A few years ago, Hitagi encountered a giant crab, who stole the whole of her body weight. Ever since, she tried to avoid contact with others, for fear that this secret might be noticed.
To get rid of the oddity and recover her weight, a special integer sequence is needed. Hitagi’s sequence has been broken for a long time, but now Kaiki provides an opportunity.
Hitagi’s sequence a has a length of n.
Lost elements in it are denoted by zeros. Kaiki provides another sequence b, whose length k equals
the number of lost elements in a (i.e. the number of zeros). Hitagi is to replace each zero in a with
an element from b so that each element in b should
be used exactly once. Hitagi knows, however, that, apart from 0, no integer
occurs in a and b more
than once in total.
If the resulting sequence is not an increasing sequence, then it has the power to recover Hitagi from the oddity. You are to determine whether this is possible, or Kaiki’s sequence is just another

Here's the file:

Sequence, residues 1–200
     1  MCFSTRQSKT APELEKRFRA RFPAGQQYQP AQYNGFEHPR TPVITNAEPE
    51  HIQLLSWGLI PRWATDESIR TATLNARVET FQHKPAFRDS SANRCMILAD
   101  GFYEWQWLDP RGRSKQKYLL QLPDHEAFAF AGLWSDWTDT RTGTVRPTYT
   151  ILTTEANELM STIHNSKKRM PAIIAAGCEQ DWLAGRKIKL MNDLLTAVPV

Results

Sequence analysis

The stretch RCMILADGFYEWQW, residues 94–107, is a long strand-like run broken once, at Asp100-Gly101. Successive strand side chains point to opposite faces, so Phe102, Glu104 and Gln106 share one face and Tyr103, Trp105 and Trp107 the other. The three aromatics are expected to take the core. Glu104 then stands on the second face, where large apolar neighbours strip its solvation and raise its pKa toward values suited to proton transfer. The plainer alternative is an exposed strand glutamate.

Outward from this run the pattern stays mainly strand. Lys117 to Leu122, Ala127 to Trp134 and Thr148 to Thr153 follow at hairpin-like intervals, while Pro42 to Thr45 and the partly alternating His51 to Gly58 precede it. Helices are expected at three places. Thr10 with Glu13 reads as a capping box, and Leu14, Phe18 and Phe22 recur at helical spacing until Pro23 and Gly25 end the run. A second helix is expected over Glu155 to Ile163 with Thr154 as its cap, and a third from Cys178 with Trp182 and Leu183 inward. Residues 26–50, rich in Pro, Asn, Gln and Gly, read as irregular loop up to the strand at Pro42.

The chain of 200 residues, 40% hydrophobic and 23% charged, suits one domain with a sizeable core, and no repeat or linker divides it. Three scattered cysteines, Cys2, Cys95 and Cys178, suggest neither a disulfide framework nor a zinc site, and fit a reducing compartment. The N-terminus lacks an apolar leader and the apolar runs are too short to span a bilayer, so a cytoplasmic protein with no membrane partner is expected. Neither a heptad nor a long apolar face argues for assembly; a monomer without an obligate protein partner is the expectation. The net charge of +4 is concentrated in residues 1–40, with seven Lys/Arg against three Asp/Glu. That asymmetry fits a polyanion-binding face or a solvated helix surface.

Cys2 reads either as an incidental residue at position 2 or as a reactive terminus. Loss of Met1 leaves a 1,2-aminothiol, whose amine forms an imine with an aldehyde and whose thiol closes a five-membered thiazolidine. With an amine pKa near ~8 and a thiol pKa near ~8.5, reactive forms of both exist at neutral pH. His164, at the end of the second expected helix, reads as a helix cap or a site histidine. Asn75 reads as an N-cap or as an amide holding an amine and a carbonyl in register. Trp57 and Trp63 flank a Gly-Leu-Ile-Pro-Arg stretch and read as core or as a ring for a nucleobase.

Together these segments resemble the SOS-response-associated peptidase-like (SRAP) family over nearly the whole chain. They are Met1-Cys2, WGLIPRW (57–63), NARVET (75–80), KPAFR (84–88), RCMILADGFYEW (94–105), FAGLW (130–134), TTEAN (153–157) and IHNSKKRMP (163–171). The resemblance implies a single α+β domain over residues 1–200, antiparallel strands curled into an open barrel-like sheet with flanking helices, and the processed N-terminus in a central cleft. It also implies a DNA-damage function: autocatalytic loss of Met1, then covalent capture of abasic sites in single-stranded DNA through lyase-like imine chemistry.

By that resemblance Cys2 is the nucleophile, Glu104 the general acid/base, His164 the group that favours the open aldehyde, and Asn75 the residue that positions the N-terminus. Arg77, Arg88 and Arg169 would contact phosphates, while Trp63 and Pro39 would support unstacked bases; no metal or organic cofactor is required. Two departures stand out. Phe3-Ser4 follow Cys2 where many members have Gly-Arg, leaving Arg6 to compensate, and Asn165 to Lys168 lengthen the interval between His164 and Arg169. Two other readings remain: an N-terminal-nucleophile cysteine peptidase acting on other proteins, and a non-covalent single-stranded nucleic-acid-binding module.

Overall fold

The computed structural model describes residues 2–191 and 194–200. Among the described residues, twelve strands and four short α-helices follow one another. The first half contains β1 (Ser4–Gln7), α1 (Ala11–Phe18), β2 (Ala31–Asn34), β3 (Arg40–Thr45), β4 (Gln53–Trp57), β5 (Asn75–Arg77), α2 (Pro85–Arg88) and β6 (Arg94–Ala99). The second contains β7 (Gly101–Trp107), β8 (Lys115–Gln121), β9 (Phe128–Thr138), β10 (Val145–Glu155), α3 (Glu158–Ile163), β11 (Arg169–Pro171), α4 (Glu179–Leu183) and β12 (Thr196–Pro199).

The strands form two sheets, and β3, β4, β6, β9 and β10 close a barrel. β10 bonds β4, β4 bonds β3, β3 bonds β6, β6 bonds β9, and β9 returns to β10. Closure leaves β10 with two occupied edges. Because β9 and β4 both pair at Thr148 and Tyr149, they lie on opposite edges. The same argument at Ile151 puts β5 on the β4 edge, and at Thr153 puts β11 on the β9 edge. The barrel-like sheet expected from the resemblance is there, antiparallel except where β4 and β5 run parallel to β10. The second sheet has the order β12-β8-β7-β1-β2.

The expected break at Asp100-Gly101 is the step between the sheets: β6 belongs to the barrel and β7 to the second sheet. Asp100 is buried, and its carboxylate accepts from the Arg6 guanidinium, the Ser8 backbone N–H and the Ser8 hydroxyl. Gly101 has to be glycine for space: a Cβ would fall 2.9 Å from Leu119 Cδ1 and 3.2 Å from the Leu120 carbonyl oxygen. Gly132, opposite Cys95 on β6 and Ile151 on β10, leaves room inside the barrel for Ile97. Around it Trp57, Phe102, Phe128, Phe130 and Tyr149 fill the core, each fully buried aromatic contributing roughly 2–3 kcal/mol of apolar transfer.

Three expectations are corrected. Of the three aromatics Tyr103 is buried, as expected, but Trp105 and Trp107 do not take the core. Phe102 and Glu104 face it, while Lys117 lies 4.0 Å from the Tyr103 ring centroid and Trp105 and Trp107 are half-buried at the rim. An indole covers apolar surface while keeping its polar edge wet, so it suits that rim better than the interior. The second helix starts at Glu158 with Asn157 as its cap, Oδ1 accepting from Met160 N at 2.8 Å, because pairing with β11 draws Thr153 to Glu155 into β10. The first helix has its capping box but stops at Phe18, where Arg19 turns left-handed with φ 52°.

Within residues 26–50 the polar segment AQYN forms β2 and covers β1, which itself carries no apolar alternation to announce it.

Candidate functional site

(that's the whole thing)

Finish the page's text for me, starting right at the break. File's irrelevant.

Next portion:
fake. In other words, you should detect whether it is possible to replace each zero in a with an integer from b so
that each integer from b is used exactly once, and the resulting sequence is not increasing.
The first line of input contains two space-separated positive integers n (2 ≤ n ≤ 100)
and k (1 ≤ k ≤ n)
— the lengths of sequence a and brespectively.
The second line contains n space-separated integers a1, a2, …, an (0 ≤ ai ≤ 200)
— Hitagi’s broken sequence with exactly k zero elements.
The third line contains k space-separated integers b1, b2, …, bk (1 ≤ bi ≤ 200)
— the elements to fill into Hitagi’s sequence.
Input guarantees that apart from 0, no integer occurs in a and b more
than once in total.
Output “Yes” if it’s possible to replace zeros in a with
elements in b and make the resulting sequence not increasing, and “No”
0 0 0 0 0 0 0
1 2 3 4 5 6 7
In the first sample:
Sequence a is 11, 0, 0, 14.
Two of the elements are lost, and the candidates in b are 5 and 4.
There are two possible resulting sequences: 11, 5, 4, 14 and 11, 4, 5, 14,
both of which fulfill the requirements. Thus the answer is “Yes“.
In the second sample, the only possible resulting sequence is 2, 3, 5, 8, 9, 10, which is an increasing sequence and therefore invalid.